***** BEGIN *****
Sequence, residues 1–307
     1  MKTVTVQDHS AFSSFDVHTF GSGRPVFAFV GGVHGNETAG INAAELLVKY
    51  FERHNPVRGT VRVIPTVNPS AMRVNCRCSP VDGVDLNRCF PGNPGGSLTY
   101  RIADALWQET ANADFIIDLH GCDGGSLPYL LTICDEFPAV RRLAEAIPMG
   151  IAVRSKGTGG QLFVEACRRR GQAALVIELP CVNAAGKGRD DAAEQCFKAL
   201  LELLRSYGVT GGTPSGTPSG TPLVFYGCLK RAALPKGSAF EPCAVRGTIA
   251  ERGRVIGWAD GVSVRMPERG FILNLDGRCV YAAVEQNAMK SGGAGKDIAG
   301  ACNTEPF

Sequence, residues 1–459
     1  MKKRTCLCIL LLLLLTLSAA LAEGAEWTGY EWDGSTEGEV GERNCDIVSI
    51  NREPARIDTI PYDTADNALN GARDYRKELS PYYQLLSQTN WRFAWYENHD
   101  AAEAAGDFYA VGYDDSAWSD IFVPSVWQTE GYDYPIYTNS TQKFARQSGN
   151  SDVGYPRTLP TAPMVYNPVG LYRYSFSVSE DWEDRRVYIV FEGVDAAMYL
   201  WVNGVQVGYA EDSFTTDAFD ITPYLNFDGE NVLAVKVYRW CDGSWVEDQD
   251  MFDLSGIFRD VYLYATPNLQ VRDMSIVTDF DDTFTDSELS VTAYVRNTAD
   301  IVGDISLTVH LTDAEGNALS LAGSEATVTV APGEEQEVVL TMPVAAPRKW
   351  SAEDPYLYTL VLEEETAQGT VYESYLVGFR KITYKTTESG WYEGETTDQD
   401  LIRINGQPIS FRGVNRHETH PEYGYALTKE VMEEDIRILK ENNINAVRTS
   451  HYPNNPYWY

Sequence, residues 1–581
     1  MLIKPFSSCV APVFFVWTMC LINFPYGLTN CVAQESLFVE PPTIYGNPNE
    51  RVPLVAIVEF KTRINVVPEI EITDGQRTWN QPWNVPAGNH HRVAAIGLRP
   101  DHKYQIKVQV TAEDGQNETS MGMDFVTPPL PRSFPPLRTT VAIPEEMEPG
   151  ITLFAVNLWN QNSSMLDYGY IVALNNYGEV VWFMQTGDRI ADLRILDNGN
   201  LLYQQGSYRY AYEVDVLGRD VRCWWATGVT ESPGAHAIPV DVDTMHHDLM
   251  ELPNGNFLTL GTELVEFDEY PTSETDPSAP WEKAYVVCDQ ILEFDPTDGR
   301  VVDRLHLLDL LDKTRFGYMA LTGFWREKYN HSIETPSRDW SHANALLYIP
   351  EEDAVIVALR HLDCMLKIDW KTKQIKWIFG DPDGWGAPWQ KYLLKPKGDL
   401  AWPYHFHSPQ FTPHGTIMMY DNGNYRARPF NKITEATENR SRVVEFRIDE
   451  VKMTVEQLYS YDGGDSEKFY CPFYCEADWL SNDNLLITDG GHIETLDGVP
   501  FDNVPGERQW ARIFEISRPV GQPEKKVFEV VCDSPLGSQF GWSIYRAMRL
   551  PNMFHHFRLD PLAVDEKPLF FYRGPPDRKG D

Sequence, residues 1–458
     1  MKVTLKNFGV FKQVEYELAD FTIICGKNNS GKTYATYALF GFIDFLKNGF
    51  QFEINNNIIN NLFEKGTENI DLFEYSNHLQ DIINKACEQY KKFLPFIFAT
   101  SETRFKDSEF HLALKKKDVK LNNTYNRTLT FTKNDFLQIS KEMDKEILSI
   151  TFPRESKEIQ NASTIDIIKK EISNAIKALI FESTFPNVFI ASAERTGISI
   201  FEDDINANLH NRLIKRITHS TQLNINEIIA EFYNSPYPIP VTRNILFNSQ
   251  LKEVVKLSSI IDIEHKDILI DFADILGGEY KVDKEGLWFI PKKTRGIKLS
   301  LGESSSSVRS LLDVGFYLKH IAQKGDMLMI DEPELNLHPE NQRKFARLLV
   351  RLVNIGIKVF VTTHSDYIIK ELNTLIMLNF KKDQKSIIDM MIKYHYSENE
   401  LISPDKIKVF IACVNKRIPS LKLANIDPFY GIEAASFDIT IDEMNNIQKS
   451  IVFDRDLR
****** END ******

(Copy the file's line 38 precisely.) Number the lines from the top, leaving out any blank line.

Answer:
   201  FEDDINANLH NRLIKRITHS TQLNINEIIA EFYNSPYPIP VTRNILFNSQ